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Options for remote ESRI software access

As of 23 March 2020, all courses for the remainder of the Spring semester are to be done online due to precautions for COVID-19. Since the campus teaching labs will not be accessible, we are providing an outline of the options with pros and cons available to instructors and students using ESRI ArcGIS Desktop and ArcGIS Pro in their courses or projects.

Option 1: Access the Apps@UT virtualized computer lab

  • Ease of access – works from any operating system and only requires install of small plugin
  • All processing done on UT servers
  • Easy access to your T-Storage (H-drive)
  • User does not need to install patches, updates or do annual license renewal
  • Can be slow for more resource intensive tasks
  • Needs consistent internet connection
  • Potential to be slower and less reliable than usual during times of heavy use
  • Less ability to install add-ins or customize software

Option 2: Installation of software on own computer- download from OIT software distribution

  • May run faster on relatively powerful computers
  • Works on slow or inconsistent internet connections
  • Ability to install add-in components and save interface preferences and default settings
  • Requires Windows OS (though Mac users do have options)
  • Some may have difficulty with installation due to program/download size, system requirements, licensing etc
  • Need to renew license once a year and potentially find and install patches
  • May run slower on older or less powerful machines

Option 3: Use ArcGIS Online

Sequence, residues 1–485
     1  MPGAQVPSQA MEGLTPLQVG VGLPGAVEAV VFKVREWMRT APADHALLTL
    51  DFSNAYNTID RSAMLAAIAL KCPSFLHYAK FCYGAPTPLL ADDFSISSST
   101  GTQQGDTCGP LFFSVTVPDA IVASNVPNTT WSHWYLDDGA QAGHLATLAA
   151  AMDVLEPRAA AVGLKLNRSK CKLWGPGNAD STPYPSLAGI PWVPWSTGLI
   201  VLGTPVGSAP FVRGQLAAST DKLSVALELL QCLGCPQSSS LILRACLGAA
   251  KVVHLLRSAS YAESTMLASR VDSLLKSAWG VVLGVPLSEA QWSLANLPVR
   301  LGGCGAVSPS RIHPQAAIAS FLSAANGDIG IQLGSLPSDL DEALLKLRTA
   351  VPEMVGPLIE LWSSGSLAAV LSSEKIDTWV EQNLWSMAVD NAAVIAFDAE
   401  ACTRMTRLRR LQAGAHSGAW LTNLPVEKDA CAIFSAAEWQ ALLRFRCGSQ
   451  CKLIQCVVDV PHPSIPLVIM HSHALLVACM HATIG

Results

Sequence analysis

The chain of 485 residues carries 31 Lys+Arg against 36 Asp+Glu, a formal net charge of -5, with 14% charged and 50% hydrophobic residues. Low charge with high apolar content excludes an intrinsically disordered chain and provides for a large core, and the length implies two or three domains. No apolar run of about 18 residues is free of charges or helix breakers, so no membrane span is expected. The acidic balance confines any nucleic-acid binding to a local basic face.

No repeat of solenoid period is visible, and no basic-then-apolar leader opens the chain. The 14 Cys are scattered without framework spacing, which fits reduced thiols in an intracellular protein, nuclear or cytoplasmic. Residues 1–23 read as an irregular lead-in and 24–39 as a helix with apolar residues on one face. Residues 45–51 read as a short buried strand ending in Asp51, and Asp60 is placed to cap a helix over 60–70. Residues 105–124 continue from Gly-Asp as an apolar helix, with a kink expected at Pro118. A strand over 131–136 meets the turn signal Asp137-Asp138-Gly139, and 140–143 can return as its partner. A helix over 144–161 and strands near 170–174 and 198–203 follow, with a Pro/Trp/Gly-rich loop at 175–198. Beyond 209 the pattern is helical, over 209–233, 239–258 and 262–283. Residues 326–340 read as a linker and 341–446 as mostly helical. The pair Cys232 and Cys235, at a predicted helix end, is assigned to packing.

• Requires only an internet browser and can be used from anywhere
  • All processing done on ESRI servers
  • Easy to share datsets, maps, and analysis results
  • Simple to setup accounts with UTK single-sign-on
  • Service not meant to replace desktop GIS so analysis and editing functions are very limited
  • Extremely limited functionality for raster data
  • OIT allocates a limited number of “credits” to accounts (can be replenished on request)

Option 4: Use Free & Open Source Software such as QGIS

  • Free to download and install on any machine
  • QGIS installers exist for Windows, Mac or Linux
  • QGIS interface is similar to ArcGIS and basics are usually intuitive for experienced ESRI users
  • Plugins are relatively easy to find and install
  • Different enough that instructions made for ArcGIS would be difficult for beginners to follow
  • Documentation not nearly as comprehensive as ESRI and tends to lag behind versions
  • Some functions basic to ArcGIS require plugins or separate software (ie viewing LiDAR LAS data)